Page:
Op-Ed: Five reasons China’s reopening is good news for the global economy
Wang Huiyao writes in the South China Morning Post that benefits far outweigh any short-term disruptions or risks to the global economy.
In this newsletter, we share with you Dr. Henry Huiyao Wang’s latest op-ed in the South China Morning Post.
The lifting of Covid-19 restrictions means the resumption of international business, the revival of tourism and consumer spending, and the return of cultural exchanges
These benefits far outweigh any short-term disruptions or risks to the global economy
After almost three years of zero-Covid, China’s reopening has occurred “gradually, then suddenly”, to borrow Ernest Hemingway’s famous phrase.
Just a month ago, life here in Beijing had all but ground to a halt as local lockdowns spread across the city. Now, it’s like a cloud has lifted as ring roads, offices and malls around the capital begin to fill up again.
Cases are surging across the country, but most are mild and will soon subside as herd immunity is reached. Infections in Beijing may have peaked already, with other cities likely to follow this month.
The lifting of most restrictions will inject vitality into the economy as people return to regular work and life patterns. The accelerated reopening has prompted Goldman Sachs and Morgan Stanley to raise China's GDP growth forecasts to above 5 per cent for 2023.
The positive outlook is reinforced by Beijing’s shift to a more pragmatic pro-growth economic policy, as signaled at the recent central economic work conference. This includes support for the private sector and domestic consumption and a more accommodating stance towards real estate and big tech, key growth drivers that have both suffered regulatory crackdowns over the past two years.
China’s reopening also eases fears of a global recession at a time when advanced economies are slowing as a result of rising interest rates and high energy costs. The country is by far the world’s biggest growth engine, accounting for around 30 per cent of global growth.
Five benefits for the global economy are worth highlighting.
First, despite some short-term disruption from staff shortages, the end of restrictions should gradually help to resolve blockages in supply chains that have caused long delays for products ranging from cars to iPhones, helping to ease inflation.
The second benefit stems from the resumption of travel to and from China. Unlike flows of goods and capital, which remained strong even under zero-Covid, trips in and out of China have been reduced to a trickle, plunging 79 per cent for mainland citizens and 95 per cent for foreigners in 2021, compared to 2019 levels.
Eased cross-border travel is a boost for the operations and investment of multinationals. Executives will resume travel between headquarters and China, facilitating new deals and projects. Similarly, Chinese entrepreneurs will embark on long-delayed trips to scour opportunities in overseas markets.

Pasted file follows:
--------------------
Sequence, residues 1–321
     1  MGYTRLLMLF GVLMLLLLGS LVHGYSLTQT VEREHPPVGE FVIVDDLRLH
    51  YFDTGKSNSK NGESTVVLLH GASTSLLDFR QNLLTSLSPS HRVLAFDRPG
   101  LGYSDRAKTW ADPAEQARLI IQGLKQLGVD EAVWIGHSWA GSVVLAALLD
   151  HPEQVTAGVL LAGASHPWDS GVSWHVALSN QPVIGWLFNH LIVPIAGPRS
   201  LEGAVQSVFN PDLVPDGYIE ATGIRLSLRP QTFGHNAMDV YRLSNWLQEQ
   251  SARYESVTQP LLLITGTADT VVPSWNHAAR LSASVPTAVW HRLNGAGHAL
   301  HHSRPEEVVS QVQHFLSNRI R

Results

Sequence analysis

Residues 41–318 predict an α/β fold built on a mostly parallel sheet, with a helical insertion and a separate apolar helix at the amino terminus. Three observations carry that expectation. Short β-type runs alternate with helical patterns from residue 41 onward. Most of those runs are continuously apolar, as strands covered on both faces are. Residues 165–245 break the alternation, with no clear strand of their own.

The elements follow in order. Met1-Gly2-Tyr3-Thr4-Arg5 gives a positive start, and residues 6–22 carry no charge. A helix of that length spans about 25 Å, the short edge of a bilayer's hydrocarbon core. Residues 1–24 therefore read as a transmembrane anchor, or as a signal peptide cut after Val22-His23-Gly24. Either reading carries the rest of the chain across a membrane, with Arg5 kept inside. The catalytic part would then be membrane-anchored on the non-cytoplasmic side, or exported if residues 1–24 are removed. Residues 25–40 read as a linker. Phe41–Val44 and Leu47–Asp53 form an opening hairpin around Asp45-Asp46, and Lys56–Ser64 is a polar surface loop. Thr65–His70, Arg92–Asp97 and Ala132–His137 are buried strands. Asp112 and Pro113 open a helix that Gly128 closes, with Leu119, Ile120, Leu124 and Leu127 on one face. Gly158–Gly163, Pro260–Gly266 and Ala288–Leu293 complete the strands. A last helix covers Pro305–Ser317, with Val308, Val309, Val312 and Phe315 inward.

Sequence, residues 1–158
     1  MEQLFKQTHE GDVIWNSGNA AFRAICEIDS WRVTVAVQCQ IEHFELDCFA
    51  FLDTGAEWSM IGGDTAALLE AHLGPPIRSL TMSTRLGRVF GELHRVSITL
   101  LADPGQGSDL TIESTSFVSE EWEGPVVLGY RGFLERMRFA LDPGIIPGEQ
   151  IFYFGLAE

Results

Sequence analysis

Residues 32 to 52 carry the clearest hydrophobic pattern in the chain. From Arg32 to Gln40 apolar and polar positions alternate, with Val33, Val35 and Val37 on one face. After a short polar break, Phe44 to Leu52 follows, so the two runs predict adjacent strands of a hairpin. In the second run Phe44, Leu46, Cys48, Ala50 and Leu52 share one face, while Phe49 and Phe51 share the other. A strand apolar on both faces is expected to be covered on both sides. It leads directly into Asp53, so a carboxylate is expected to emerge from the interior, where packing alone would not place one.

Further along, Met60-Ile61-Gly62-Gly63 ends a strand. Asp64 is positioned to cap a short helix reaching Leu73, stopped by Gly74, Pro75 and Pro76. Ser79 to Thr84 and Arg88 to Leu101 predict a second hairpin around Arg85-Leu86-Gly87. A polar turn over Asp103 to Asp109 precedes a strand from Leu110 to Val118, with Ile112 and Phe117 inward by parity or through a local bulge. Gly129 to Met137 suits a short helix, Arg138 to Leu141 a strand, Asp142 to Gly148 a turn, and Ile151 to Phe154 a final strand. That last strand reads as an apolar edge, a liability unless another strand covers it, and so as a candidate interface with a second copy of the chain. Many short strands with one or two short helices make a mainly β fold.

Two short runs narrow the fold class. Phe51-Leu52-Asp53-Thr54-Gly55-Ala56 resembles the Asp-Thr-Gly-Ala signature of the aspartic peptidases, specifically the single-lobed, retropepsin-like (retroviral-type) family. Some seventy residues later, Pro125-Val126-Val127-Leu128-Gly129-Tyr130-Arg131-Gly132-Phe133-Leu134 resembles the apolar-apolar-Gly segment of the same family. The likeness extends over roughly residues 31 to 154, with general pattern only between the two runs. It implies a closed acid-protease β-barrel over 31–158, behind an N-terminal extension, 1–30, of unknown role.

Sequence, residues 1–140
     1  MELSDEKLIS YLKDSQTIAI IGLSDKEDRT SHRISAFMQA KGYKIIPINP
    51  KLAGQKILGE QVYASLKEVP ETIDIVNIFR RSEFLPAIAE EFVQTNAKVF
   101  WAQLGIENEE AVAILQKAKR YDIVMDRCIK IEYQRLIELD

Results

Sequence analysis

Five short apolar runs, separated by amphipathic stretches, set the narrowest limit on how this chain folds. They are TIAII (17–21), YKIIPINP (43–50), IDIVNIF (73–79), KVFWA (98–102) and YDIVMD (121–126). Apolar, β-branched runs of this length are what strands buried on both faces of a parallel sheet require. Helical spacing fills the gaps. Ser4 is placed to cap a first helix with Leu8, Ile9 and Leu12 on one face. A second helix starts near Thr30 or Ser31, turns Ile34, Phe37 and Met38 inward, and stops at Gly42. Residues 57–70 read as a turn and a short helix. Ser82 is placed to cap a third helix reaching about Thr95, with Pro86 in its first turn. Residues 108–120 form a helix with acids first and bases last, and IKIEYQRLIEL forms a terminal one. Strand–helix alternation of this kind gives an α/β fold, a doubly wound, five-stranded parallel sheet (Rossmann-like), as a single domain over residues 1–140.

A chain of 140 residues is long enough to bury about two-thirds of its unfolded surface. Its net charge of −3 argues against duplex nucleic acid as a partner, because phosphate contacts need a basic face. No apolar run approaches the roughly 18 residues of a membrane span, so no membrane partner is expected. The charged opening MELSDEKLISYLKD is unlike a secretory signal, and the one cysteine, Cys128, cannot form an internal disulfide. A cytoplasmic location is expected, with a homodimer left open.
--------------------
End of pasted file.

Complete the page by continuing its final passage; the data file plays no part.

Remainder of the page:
Improved conditions will also help China-based firms attract and retain foreign talent. Last January, it was estimated that as many as 100,000 foreigners were waiting to return to Shanghai alone, including teachers and other elements of the family infrastructure that supports the international workforce.
The third and perhaps most immediate impact of reopening will be the revival of the Chinese consumer. Consumer confidence hit record lows in 2022, but it has already picked up significantly since reopening began, making Chinese consumers the most confident in the world, according to the latest survey by Ipsos.
There is room for a considerable degree of mean-reversion recovery in 2023 as China’s middle class unleashes pent-up spending power. Chinese consumers didn’t get government cheques like in the West, but they hoarded cash during the pandemic.
Nominal disposable income per capita rose by 5.3 per cent in the first nine months of 2022, while residents’ onshore savings rose by 16.7 per cent to a record high of US$17 trillion as of November 2022.
As well as increased spending on imports, China’s reopening means a huge windfall for the global tourism sector, which accounts for over 10 per cent of global GDP.
Before the pandemic, Chinese tourists accounted for almost 20 per cent of international tourism spending, or US$255 billion in 2019. Their absence left a huge black hole, but early signs indicate they will be back in force. Searches for top overseas destinations on the travel platform Ctrip surged tenfold within 30 minutes of the announcement on relaxed quarantine rules.
The first beneficiaries of this “outbound rebound” will be nearby destinations highly exposed to Chinese spending like Hong Kong and Thailand, for whom extra travel spending could see a GDP boost of 6 per cent and 3 per cent respectively, according to estimates by Goldman Sachs. Travel-related sectors such as aviation, hotels and retail will also benefit.
The final benefit of China’s reopening for the global economy is less tangible but no less important in the long run.
US-China tensions cast a dark shadow over prospects for the global economy. Zero-Covid exacerbated this problem by choking the bilateral interpersonal exchange that is so important for building trust and mutual understanding.
China’s reopening paves the way for a resumption of in-person engagement between officials, scholars, entrepreneurs and students from both countries. This interaction is important, especially for the next generation of decision-makers.
A recent survey shows that Chinese people with experience studying or travelling in America have more positive attitudes toward the country. Hopefully, 2023 will also bring a return of US students to China, whose numbers fell from thousands to less than 400 during the pandemic, helping to build a pipeline of China literacy for the future. (Enditem)
We also welcome you to watch Henry’s dialogue with Ray Dalio